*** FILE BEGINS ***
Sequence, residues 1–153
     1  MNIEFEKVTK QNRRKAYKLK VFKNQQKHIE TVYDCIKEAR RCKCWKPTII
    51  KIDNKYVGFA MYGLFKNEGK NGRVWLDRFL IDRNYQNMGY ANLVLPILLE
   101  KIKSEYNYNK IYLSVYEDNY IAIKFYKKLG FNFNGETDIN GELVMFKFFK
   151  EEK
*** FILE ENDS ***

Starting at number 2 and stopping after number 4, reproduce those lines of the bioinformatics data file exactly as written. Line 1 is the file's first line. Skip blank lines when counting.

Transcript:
     1  MNIEFEKVTK QNRRKAYKLK VFKNQQKHIE TVYDCIKEAR RCKCWKPTII
    51  KIDNKYVGFA MYGLFKNEGK NGRVWLDRFL IDRNYQNMGY ANLVLPILLE
   101  KIKSEYNYNK IYLSVYEDNY IAIKFYKKLG FNFNGETDIN GELVMFKFFK